At least seven people were killed when Typhoon Nanmadol struck the northern Philippines, before the storm moved on toward Taiwan.
Among those killed were two small children buried in a landslide in the northern mountain city of Baguio.
According to CNN, the Philippines' National Disaster Risk Reduction and Management Council released a statement saying that the children and five other people were killed in separate incidents,10 people were injured and six remain missing. More than 57,000 people were forced to leave their homes.
A civil defense official told the BBC that winds and rain had caused flooding and landslides, and that 20 major roads were blocked and several bridges were collapsing.
Another official, Emilia Tadeo, told AFP that Nanmadol was the strongest storm to hit the country this year. Tadeo predicted that the casualty numbers will rise.
"After the rains have subsided, that is only when we find the additional casualties and damages, when the local responders submit them to us," he said.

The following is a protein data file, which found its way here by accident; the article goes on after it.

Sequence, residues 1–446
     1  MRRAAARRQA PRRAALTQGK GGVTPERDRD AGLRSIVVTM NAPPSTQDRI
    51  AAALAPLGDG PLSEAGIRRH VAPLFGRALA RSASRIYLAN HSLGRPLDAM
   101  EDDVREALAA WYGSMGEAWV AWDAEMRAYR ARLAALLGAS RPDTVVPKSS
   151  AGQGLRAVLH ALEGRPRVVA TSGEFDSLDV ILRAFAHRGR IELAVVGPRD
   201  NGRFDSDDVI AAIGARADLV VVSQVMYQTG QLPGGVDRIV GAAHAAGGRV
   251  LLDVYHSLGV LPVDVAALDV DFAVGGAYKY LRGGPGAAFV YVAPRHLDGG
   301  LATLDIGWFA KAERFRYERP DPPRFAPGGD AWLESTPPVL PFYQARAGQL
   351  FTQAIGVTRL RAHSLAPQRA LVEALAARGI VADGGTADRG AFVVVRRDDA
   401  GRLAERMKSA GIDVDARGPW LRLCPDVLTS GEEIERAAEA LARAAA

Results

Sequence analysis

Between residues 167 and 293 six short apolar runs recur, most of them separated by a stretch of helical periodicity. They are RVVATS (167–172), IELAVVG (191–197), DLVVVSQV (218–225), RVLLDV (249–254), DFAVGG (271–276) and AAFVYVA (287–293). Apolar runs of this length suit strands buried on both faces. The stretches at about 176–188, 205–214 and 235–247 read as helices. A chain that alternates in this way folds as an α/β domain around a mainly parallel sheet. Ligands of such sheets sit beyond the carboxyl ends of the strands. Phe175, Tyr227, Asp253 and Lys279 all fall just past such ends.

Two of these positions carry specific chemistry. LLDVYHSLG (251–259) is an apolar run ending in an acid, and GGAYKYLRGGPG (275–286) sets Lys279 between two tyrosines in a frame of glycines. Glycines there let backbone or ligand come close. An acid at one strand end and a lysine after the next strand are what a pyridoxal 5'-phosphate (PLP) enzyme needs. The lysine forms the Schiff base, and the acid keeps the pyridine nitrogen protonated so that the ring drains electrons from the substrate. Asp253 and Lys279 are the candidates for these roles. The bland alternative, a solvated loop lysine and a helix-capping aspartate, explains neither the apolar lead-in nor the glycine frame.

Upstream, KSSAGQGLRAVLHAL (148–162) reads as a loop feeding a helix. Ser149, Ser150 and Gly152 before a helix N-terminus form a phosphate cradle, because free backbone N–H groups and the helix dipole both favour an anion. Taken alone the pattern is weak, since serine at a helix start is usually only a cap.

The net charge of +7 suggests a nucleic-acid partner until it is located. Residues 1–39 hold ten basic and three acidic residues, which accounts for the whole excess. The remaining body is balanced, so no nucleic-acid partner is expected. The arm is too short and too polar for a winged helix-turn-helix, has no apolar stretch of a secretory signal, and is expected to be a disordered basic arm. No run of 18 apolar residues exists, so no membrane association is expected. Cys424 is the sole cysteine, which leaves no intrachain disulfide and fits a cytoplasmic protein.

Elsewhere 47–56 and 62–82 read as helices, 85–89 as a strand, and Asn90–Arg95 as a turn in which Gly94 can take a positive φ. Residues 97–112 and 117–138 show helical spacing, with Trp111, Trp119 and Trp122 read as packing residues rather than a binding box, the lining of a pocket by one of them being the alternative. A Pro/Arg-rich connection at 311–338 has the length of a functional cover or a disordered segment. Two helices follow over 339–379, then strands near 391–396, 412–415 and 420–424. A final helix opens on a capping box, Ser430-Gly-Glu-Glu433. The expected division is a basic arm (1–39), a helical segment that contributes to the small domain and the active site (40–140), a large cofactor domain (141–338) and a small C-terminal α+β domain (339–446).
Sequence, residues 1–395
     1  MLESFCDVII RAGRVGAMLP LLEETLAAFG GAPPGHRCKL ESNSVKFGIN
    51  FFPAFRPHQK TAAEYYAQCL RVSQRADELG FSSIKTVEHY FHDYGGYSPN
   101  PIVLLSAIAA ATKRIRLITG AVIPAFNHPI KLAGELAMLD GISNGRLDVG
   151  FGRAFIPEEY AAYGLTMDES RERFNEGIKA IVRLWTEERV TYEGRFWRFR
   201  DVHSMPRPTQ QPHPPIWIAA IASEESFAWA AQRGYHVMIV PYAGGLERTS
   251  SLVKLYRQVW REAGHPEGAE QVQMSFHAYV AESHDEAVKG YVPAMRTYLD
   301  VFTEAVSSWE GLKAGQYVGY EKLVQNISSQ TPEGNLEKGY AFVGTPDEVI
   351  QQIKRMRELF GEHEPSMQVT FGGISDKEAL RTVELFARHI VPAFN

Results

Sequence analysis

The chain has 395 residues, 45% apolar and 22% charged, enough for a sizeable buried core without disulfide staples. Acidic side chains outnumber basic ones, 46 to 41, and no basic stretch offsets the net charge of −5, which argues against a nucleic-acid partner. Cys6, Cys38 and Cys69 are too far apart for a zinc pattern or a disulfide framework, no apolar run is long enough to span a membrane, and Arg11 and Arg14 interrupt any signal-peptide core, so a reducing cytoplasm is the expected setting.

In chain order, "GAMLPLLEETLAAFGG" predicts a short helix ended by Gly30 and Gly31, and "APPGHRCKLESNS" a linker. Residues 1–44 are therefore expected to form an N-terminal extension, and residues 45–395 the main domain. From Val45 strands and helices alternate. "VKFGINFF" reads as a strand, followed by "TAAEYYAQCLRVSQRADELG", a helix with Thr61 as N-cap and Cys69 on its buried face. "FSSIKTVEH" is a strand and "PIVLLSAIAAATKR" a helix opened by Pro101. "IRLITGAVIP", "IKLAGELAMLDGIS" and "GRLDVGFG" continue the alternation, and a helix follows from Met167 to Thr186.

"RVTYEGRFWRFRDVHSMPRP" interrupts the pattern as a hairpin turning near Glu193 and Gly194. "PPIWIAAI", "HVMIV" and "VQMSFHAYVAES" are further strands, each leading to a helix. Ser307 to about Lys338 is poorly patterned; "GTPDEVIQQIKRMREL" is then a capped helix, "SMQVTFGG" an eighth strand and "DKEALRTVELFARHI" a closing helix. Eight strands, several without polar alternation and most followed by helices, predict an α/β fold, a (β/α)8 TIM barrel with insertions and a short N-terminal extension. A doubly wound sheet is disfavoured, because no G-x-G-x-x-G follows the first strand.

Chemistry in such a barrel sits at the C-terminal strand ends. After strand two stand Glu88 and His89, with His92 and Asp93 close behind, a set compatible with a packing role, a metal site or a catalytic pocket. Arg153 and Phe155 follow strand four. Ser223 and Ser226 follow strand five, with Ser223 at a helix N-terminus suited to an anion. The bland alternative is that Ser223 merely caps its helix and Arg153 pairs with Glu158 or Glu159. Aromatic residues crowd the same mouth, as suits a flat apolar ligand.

According to AFP, an average of 20 storms and typhoons hit the Philippines annually. This past July, storms left at least 70 people dead.
Taiwan's Central Weather Bureau expects Nanmadol to make landfall on Monday morning, the BBC reports, and the country has evacuated several thousand people from its eastern and southern regions.
"When it does [make landfall], the main problems will be caused by the excessive rains, rather than the strength of the wind," Steff Gaulter, Al Jazeera's senior meteorologist, said. "After the recent torrential rains on the island, the ground is saturated and this, combined with the mountainous terrain, could easily trigger deadly mudslides."
Gaulter also cautioned that the storm has proven unpredictable, and that it could change direction and intensity without warning.